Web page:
There’s room in the market for things YOU don’t like you know.

        • mitthrawnuruodo says:

          I certainly hope so! I want people to buy my game.

          • Dr. Raven Darktalon Blood says:

            You’re gonna make a game you don’t like ? I know I’m not buying THAT in early access ;)

          • mitthrawnuruodo says:

            You wouldn’t know its me who made it ;)

      • Premium User Badge

        Ninja Dodo says:

        Hey, in all seriousness, if those 5 minutes are brilliant I will absolutely pay a fair price for such a game. Quality over quantity. Portal’s 3-4 hours was better than most 20-50 hour games I’ve played.

        • mitthrawnuruodo says:

          Good. I will count on it.

          • modzero says:

            You do realise that in writing there’s an entire job that involves, among other things, deleting useless stuff other people wrote? Those people are called editors ( Blizzard should build an entire building of those), but the point is, making a good “5 minute” game can be quite a lot of work (and, in turn, you can rush a game with ridiculous amount of “content”), and your attitude here is both ignorant and insulting.

          • Premium User Badge

            Ninja Dodo says:

            Now, now… don’t discourage him or her. I want to see this genius 5-minute game.

            Really though @mitthrawnuruodo, I’m a 100% serious if you are. If you make a *genuinely* amazing 5-minute game (and I hear about it) I will totally pay a few bucks for that on itchio or whatever.

          • mitthrawnuruodo says:

            @modzero You sound upset :(. Here look at some puppies.

  12. Rufust Firefly says:

    I’ve been watching this go through development for ages. Now I really regret not buying the Enemy Starfighter poster back when it was on sale. It looked like the to sequel to Silent Running that was never made.

  13. emotionengine says:

    I’m not sure if calling it content complete is accurate, at least the description on the Steam page mentions this:

    “The final version will have a complete balance pass, a fleshed out stable of upgrades and weapons to unlock, and a carefully-tuned set of combat scenarios. It will also include a custom wave-clear mode for even faster pick-up-and-play sessions.”

    So that does sound quite a bit like we’ll be getting something akin to a “skirmish mode with some level of fleet and ship customisation” you mentioned. Although how flexible it will be and how much it will add to replayability is anyone’s guess at this point. I suppose future DLCs with more missions are a given if it does well, but what I really hope for is some kind of mod or Steam workshop support, I can imagine mods carrying this one quite far. Fingers crossed, then.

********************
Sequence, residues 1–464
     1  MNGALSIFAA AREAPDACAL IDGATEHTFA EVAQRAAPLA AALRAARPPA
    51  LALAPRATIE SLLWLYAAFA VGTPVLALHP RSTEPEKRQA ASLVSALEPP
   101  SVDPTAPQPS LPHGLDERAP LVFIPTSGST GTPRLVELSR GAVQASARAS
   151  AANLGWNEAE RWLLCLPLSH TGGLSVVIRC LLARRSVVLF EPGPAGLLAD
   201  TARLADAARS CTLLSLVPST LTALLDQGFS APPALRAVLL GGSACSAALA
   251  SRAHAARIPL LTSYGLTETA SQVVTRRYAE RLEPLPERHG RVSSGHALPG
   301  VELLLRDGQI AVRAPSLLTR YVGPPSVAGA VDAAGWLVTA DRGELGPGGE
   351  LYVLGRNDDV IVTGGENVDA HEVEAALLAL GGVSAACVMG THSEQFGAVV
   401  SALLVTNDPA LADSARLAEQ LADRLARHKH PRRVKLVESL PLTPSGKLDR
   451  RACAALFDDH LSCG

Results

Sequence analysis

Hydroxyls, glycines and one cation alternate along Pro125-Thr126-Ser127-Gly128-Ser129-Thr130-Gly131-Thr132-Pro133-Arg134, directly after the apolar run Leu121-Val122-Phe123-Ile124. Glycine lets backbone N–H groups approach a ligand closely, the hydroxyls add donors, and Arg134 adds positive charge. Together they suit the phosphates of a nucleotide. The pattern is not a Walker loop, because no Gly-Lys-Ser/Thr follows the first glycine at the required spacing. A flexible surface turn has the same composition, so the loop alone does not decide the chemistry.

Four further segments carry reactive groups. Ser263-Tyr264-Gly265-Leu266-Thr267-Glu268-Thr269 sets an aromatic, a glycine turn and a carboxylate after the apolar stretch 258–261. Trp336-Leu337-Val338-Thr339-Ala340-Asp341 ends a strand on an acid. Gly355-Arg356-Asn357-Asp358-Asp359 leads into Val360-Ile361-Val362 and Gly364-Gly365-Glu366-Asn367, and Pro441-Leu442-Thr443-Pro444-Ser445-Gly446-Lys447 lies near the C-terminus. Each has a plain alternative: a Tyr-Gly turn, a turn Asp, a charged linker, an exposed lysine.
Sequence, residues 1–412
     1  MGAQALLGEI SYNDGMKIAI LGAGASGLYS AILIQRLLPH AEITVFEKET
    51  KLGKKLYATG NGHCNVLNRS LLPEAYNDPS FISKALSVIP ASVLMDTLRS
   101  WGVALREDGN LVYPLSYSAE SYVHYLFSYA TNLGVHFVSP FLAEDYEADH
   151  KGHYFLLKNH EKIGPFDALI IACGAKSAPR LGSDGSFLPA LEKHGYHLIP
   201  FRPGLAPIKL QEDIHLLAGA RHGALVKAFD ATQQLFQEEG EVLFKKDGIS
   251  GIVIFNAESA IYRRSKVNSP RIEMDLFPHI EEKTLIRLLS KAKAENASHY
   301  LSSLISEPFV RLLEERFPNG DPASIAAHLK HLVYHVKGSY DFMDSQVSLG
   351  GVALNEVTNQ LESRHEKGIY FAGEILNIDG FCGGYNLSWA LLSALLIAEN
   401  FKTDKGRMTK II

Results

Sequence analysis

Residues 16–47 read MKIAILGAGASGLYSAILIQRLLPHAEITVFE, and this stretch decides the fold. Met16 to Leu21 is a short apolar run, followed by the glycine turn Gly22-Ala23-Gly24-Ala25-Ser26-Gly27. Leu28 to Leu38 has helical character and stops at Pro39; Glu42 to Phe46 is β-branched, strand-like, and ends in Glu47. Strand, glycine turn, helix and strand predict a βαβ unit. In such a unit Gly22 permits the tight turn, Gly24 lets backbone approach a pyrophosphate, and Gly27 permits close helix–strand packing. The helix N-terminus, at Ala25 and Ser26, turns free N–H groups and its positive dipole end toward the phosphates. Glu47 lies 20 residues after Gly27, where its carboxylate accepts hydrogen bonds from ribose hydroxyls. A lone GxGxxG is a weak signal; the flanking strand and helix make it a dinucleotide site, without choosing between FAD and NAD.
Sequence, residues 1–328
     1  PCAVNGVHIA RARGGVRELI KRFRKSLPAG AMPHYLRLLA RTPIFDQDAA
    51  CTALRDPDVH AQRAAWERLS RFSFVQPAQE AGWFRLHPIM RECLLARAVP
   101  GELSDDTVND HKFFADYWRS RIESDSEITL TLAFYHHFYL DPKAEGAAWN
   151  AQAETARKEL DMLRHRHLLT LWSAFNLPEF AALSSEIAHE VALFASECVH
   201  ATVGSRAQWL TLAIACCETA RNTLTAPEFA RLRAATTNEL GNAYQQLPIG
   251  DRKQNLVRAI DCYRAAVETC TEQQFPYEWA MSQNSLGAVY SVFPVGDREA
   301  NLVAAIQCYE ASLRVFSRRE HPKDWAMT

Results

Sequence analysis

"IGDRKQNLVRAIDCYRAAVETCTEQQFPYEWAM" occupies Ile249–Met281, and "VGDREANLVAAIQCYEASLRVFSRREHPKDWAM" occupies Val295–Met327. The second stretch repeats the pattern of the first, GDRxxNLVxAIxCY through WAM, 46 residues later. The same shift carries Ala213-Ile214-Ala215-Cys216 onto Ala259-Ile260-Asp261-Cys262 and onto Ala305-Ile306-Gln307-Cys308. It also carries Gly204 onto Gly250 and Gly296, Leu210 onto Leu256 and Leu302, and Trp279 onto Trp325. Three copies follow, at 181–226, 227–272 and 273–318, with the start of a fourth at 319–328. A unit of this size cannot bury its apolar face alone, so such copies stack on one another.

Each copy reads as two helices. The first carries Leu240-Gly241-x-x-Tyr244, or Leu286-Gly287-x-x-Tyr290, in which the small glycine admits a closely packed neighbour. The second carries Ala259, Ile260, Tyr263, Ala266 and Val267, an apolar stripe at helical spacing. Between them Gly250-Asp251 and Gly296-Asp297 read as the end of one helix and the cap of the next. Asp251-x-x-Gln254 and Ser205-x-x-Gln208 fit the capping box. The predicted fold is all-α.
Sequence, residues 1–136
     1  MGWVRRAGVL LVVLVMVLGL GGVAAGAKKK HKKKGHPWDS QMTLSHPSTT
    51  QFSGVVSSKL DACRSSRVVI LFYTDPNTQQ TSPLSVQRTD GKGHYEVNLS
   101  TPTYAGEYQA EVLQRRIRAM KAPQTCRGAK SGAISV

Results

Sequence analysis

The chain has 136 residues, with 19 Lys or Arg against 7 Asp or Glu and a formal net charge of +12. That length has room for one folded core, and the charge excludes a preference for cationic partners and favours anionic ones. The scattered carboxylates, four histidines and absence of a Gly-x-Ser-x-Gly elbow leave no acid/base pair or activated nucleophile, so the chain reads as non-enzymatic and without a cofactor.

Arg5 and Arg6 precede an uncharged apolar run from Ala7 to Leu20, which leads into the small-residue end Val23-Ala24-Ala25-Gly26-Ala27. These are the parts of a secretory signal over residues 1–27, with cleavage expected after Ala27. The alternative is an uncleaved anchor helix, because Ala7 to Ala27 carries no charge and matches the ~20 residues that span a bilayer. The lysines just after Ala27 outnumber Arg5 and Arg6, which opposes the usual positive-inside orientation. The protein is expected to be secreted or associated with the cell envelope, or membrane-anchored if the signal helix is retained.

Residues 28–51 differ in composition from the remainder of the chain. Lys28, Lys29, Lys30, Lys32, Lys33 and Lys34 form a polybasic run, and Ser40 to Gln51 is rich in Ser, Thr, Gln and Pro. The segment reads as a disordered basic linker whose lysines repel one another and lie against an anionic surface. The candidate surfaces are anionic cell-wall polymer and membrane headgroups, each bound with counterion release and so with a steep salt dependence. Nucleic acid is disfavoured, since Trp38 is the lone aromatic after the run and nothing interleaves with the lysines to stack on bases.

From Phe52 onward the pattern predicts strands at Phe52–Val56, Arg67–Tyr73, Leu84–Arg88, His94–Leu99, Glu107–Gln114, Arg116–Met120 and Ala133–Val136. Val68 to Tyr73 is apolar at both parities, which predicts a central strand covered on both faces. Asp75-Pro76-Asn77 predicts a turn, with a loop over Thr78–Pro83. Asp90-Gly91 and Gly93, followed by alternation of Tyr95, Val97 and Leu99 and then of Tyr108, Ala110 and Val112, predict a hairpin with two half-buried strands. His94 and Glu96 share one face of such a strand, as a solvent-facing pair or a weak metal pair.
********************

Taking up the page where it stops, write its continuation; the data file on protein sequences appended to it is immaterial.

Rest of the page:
14. tkioz says:

    Question on the gameplay, the review makes mention of TIE-Fighter but does the game control and play like that game (or Freespace) or the newer ‘realistic’ games like Elite Dangerous? Because I’m dying for a good space sim but I just can’t get into Elite/etc because their controls are so torturous.

    • Dr. Raven Darktalon Blood says:

      You can only pilot fighters, if you have multiple in your fleet and the fighter you’re in blows up, you can switch to another until you run out.
      Actually you don’t HAVE to pilot a fighter at all, you could do the whole mission from the RTS/map interface and have AI fly all your ships, but where’s the fun in that.
      AI fighters are ofcourse inferior to your own skill.

      The controls are way simpler than Elite.
      I’ve only played using mouse and keyboard and after getting used to it I’d say it works very well, I don’t feel like grabbing my joystick even though it’s within reach. (teehee)

      The mouse turning is relative not absolute, so the further you put the cursor away from center screen the faster you turn in that direction, no picking up the mouse and putting it back down required like in Freespace, which you shouldn’t play with a mouse anyway.

      Your guns can fire in a small maybe 10 degree arc in front of you and you aim them with the same cursor that controls your turning.
      Your shots have to lead the target but put the cursor roughly in lead of the target using your own judgement, oddly there is no lead indicator, though the hit detection is somewhat generous.

      Guns and normal rockets have infinite ammo, big bombs your fighter can carry only 1 or 2 of.
      Guns and normal rockets do have magazines, you fire them until empty and then they auto-reload in 3ish seconds, or you can reload manually.